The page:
Canada eyes road to looser ownership regs

Advisory report recommends a gradual overhaul

TORONTO -- A federal government advisory report released Thursday recommends that Canada gradually overhaul its foreign ownership rules for homegrown broadcasters and phone companies.

The long-awaited report from the Competition Policy Review Panel calls for a gradual loosening of rules that bar majority control of licensed Canadian broadcasters and phone companies by foreign players.

The 134-page report proposes an initial five-year period of limited deregulation, followed by "broader" liberalization of the foreign investment rules.

In the second phase, the panel recommends that liberalization only apply to the carriage side of broadcasting, with Canadian "content" on the domestic airwaves continuing to receive regulatory protection.

Phasing out Canada's foreign-ownership rules was first proposed in March 2006 by another blue-ribbon report commissioned by the federal government, the Telecommunications Policy Review Panel.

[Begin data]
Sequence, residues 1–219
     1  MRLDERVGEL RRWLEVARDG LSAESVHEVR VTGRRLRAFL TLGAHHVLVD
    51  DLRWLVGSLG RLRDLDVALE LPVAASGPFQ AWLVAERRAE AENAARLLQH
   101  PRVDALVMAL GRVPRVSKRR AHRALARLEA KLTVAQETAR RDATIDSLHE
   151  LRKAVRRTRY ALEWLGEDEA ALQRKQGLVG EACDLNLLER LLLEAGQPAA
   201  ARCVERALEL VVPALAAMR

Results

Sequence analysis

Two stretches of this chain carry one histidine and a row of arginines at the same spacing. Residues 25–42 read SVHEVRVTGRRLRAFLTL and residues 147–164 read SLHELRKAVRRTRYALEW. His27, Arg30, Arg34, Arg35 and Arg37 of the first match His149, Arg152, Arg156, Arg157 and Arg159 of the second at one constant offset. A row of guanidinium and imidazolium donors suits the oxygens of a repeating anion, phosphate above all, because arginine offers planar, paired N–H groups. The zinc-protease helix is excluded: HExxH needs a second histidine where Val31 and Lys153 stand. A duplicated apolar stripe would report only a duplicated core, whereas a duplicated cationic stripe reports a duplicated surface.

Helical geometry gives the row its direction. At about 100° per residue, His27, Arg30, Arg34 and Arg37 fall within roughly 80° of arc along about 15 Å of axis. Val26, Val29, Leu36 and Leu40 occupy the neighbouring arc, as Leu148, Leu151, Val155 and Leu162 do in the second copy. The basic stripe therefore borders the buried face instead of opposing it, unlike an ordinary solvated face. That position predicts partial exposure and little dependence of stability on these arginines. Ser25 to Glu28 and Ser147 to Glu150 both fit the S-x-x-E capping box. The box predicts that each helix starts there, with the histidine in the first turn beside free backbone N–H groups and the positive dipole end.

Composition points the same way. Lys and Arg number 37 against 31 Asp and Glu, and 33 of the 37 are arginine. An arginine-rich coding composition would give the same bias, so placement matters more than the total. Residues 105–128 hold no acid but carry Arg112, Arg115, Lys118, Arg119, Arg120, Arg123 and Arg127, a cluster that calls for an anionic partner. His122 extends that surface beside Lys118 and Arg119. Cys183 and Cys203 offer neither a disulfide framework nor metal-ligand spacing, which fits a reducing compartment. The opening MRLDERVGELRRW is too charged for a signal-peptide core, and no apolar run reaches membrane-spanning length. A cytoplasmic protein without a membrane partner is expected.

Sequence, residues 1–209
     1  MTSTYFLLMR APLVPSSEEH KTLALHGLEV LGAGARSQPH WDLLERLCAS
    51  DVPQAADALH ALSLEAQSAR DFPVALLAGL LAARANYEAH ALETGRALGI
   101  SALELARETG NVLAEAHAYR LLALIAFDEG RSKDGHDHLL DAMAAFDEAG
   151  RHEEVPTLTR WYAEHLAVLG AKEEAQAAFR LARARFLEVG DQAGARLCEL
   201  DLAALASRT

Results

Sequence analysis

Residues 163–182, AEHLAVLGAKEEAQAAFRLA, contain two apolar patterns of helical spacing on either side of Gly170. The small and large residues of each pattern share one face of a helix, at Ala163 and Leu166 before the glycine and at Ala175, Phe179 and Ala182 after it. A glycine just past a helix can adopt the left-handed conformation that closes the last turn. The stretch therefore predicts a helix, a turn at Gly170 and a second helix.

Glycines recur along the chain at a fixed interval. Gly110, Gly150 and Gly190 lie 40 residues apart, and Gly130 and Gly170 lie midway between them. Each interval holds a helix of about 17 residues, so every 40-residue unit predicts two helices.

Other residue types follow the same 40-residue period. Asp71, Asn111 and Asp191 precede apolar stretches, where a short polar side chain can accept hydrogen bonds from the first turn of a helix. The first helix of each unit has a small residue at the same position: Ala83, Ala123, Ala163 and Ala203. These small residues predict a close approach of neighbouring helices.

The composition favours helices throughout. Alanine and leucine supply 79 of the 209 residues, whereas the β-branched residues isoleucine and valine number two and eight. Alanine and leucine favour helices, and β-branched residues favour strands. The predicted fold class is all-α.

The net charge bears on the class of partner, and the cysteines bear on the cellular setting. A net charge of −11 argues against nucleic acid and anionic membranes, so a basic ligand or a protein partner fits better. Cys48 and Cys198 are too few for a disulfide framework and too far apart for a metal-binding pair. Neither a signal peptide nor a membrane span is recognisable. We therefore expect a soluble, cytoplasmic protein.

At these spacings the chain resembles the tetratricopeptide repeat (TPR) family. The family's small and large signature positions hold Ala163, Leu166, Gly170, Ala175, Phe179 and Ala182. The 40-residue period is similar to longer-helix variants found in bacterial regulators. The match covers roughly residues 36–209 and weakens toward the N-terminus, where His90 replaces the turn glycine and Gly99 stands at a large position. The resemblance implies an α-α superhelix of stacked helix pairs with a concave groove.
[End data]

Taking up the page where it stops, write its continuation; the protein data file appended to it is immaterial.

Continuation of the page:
U.S. companies already hold minority stakes in a number of Canadian media companies and are expected to raise those holdings as Ottawa eases or ends foreign ownership rules.

The panel report argues that Canadian broadcasters and phone companies already operate in an increasingly global and competitive market, and that liberalizing foreign ownership rules will allow domestic players to innovate by securing additional growth capital from foreign investors.

Loosening or scrapping foreign ownership restrictions on domestic broadcasters will face opposition from smaller Canadian media players and cultural nationalists that fear a loss of control of the domestic airwaves to foreigners and the "Americanization" of popular culture.